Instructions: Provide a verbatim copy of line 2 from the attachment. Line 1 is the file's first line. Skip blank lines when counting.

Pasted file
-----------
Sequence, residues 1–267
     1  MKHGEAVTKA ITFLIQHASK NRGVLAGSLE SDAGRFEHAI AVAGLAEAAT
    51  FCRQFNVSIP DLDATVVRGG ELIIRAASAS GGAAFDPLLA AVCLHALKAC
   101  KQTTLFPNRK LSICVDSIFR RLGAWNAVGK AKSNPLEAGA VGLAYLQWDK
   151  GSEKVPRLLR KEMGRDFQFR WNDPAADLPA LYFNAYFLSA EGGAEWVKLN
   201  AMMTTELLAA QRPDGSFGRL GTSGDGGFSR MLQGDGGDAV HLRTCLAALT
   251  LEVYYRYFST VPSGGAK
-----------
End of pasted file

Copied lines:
     1  MKHGEAVTKA ITFLIQHASK NRGVLAGSLE SDAGRFEHAI AVAGLAEAAT